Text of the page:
Episode 42 gives us Sailor Venus' backstory. She was in love with a boy named Alan, who tossed her aside for a woman named Katarina. Again, more character building, especially the relationship between Usagi and Minako (but I don't ship them). It's another very solid episode.

What makes CCS come up short? True, there are good characters. However, the battles in CCS are so straightforward and simple that they involve no investment from the viewer. The Sailor Moon battles work, because they aren't simple by any means, not to mention the fact that the villain right now is one of our former heroes. There's so much more to Sailor Moon than just the transformations. It's really picked up steam at this point.

CCS, however, has failed in almost every category. Is it possible, that Nelvana did the right thing by changing everything, including cutting out half the episodes? Because when I watched that Cardcaptors dub as a child, I loved every minute of it. Syaoran (Li) was a dynamic character, and Meiling (Meilin) stole the show. There was no creepy Tomoyo (Madison) stalker-esque crush on Sakura, and Kero was more interesting.

I'm going to come out of the closet right now. I'm a Cardcaptors fan. Meaning, the Nelvana dub version. And I don't like the original version that much. I know, this is hard to believe, but it's true. Meanwhile, I like Sailor Moon any way you slice it.

Episode 41 rating (out of four stars): ***½
Episode 42 rating (out of four stars): ***

Thursday, July 21, 2016

#ThrowbackThursday: Cardcaptor Sakura episodes 41-42 review


The two episodes were connected, and both were subpar. Episode 41 has Sakura & pals preparing for the arts festival. Using a "random" system, Sakura gets selected to be the prince and Syaoran gets picked as princess. We've seen this gender-bending before in an early episode when Sakura's brother Toya was Cinderella, so this is nothing new. What is new is that it's now Sleeping Beauty, and Sakura and Syaoran must kiss. It's the most forced kiss I've ever seen in an anime. I get it; about 5 episodes or go, the writers made the decision to start building a romantic relationship between Sakura and Syaoran. But it still seems very forced. They even have to "practice" the kiss. I mean, come on.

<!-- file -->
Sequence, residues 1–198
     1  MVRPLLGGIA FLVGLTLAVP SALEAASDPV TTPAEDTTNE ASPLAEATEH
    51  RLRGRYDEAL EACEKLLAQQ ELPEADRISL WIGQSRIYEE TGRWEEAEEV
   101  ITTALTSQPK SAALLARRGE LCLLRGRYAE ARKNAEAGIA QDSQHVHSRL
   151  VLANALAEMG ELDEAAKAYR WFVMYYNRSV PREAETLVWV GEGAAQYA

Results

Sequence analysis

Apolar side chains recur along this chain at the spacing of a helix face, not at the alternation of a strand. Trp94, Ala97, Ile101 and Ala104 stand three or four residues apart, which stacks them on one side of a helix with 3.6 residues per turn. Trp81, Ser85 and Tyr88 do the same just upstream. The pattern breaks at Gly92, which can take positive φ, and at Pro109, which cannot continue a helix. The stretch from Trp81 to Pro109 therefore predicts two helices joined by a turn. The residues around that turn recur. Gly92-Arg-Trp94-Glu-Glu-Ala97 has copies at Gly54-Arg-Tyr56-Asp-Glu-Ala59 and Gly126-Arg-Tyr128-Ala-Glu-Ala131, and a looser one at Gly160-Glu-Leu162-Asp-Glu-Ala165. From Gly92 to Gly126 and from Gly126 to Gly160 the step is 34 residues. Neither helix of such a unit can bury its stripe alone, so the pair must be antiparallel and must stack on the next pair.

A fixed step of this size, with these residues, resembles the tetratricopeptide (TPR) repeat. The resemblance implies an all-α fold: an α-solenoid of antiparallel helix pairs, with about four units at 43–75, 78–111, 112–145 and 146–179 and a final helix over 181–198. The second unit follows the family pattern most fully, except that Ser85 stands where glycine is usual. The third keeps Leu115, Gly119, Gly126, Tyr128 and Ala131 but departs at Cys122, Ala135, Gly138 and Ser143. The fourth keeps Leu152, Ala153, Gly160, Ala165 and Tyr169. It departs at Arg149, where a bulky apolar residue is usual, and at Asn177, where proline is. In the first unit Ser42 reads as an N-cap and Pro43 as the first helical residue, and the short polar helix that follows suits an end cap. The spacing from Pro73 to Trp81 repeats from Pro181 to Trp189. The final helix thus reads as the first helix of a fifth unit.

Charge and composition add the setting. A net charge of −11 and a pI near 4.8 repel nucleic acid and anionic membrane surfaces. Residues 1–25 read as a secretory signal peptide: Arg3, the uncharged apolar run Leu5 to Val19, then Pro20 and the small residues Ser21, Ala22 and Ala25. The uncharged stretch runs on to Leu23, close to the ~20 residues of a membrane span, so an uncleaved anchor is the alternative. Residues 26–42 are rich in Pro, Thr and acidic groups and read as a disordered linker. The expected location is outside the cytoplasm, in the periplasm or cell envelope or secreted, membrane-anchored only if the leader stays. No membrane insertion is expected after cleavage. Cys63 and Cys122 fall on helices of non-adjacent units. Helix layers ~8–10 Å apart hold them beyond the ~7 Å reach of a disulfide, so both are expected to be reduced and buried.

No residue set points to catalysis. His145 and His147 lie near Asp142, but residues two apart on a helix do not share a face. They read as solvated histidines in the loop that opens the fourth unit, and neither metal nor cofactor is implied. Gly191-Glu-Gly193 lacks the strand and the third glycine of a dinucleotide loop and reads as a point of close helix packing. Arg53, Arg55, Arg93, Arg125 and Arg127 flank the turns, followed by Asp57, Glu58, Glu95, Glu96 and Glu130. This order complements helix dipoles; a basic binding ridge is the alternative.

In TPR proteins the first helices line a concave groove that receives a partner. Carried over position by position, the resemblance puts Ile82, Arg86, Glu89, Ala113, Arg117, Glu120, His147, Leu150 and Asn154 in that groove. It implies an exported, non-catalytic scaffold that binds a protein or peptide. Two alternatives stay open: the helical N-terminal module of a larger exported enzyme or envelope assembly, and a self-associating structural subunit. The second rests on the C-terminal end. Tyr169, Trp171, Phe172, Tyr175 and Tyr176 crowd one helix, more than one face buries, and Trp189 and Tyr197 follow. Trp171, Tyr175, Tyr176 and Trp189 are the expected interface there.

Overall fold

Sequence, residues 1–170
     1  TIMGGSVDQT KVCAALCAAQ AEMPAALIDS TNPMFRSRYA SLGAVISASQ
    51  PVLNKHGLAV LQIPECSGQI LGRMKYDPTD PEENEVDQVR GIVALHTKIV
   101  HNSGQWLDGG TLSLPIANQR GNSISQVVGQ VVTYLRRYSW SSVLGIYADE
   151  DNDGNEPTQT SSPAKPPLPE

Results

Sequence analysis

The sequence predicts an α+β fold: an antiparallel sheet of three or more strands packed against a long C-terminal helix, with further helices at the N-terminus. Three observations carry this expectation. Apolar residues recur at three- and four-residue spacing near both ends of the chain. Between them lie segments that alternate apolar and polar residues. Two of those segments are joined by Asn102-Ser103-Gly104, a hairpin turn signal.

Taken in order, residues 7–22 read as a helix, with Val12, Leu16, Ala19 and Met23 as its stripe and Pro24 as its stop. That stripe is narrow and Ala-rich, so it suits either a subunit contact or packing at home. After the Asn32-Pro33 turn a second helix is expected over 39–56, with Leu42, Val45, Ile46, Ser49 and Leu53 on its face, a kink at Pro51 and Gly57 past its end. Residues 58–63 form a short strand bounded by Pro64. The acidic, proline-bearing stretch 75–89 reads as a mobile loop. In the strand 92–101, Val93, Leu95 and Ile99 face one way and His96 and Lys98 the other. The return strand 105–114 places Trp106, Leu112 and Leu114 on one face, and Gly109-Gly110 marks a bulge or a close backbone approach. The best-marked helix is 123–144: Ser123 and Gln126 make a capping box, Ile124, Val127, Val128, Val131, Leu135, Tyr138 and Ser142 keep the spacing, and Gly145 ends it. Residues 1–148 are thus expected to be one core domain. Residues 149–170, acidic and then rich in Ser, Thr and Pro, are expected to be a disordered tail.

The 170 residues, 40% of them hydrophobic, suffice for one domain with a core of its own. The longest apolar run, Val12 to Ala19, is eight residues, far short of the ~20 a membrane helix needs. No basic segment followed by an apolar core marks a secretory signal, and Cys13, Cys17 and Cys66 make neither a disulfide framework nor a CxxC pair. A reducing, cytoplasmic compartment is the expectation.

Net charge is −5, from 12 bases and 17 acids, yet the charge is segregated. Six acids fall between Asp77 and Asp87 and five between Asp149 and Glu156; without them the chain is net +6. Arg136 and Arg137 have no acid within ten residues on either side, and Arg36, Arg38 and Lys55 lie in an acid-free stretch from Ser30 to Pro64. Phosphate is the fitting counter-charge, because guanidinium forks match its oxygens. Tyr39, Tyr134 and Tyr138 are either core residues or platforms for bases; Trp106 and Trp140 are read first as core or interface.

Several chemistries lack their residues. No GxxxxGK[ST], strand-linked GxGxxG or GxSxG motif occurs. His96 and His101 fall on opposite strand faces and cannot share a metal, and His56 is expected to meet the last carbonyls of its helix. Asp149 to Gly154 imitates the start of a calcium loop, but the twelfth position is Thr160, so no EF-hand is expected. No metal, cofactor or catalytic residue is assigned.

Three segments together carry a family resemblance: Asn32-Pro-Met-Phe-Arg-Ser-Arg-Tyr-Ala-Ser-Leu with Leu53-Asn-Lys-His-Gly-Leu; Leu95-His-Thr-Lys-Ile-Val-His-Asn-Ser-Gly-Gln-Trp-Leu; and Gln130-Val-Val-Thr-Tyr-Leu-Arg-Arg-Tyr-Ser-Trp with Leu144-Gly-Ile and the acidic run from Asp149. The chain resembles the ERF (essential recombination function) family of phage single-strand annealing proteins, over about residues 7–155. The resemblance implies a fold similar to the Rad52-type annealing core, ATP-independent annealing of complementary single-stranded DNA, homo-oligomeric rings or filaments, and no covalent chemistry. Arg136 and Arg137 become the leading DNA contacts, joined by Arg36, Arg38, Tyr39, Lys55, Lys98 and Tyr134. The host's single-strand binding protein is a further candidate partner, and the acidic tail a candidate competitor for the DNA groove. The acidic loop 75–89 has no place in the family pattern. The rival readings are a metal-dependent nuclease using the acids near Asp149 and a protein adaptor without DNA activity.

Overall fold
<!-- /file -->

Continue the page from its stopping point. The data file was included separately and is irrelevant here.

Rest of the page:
After an uneventful battle where they capture The Sand, it's on to episode number 42. This one contains the actual play that they were "practicing" for. Meiling plays a perfect evil witch which ends up as the star of the show. Meanwhile, Sakura and Syaoran get ready for their kiss, when suddenly everything goes black. Sakura thinks very hard as to what card could be causing this. It's a really hard one. What type of card would make everything go dark? She finally figures it out - it's The Dark! I know, I'm as surprised as you are. She captures it because she says "I will definitely be all right." Yes, really. That's all she had to say. By saying that, she ends up capturing both The Dark and The Light. It's that easy.

The gender-bending moments were entertaining, as well as Tomoyo's manipulation of Syaoran to get him to do the play by telling him that his crush Yukito was watching. But on the whole, not much happened in these episodes. And for now on, those words will always be put in bold anytime I write them.

Episode 41 rating (out of four stars): *½
Episode 42 rating (out of four stars): **½